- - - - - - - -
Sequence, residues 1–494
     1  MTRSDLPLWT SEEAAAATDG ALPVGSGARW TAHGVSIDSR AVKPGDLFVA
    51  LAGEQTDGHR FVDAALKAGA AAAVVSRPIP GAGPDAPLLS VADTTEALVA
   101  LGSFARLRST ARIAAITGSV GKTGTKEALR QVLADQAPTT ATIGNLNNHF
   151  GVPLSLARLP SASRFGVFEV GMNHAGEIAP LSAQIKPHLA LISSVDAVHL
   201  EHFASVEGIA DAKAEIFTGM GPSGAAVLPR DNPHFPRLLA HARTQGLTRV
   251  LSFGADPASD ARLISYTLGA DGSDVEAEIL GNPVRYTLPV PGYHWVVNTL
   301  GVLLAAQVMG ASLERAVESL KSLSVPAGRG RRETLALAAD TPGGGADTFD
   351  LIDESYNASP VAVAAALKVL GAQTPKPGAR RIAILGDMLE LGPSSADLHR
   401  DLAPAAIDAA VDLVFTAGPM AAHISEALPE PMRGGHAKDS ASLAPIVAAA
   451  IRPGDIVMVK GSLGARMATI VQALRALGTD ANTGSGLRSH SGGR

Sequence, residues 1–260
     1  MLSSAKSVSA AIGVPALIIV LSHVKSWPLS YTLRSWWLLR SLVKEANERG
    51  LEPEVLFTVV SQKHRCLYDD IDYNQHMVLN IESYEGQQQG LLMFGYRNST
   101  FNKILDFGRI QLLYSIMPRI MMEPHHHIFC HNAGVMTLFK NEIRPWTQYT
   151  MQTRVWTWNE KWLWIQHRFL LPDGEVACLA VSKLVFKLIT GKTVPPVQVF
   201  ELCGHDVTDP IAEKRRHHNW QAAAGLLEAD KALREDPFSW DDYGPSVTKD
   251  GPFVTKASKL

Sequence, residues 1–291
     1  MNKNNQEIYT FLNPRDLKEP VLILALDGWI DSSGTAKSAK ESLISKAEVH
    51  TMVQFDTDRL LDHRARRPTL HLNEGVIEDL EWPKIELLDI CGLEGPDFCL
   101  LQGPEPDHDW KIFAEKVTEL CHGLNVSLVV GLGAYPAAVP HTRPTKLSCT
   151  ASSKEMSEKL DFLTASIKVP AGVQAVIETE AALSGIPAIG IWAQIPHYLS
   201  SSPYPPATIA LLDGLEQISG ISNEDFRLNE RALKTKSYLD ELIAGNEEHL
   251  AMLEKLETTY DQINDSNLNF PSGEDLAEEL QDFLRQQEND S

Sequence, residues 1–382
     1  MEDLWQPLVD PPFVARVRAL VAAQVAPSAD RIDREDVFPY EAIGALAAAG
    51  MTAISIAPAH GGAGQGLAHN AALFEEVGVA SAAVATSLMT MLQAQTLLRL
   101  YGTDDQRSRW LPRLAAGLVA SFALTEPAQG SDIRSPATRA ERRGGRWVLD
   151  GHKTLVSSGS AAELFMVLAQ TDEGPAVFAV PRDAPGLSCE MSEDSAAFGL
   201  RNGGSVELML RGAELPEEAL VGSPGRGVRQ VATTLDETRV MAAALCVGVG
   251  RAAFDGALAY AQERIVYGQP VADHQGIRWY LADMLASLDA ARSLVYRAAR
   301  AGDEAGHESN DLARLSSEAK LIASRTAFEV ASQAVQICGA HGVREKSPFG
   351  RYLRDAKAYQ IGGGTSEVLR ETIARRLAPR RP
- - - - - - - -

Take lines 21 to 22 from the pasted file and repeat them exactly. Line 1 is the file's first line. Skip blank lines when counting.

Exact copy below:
    51  TMVQFDTDRL LDHRARRPTL HLNEGVIEDL EWPKIELLDI CGLEGPDFCL
   101  LQGPEPDHDW KIFAEKVTEL CHGLNVSLVV GLGAYPAAVP HTRPTKLSCT